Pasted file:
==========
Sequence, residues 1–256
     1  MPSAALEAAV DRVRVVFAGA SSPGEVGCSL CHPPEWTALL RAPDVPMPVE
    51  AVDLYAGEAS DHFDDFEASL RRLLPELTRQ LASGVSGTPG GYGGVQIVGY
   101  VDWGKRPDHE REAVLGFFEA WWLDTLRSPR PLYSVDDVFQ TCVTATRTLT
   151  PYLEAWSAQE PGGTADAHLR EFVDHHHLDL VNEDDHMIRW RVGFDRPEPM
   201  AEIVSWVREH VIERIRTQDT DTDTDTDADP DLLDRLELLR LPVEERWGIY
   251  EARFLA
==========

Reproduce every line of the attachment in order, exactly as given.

Sequence, residues 1–256
     1  MPSAALEAAV DRVRVVFAGA SSPGEVGCSL CHPPEWTALL RAPDVPMPVE
    51  AVDLYAGEAS DHFDDFEASL RRLLPELTRQ LASGVSGTPG GYGGVQIVGY
   101  VDWGKRPDHE REAVLGFFEA WWLDTLRSPR PLYSVDDVFQ TCVTATRTLT
   151  PYLEAWSAQE PGGTADAHLR EFVDHHHLDL VNEDDHMIRW RVGFDRPEPM
   201  AEIVSWVREH VIERIRTQDT DTDTDTDADP DLLDRLELLR LPVEERWGIY
   251  EARFLA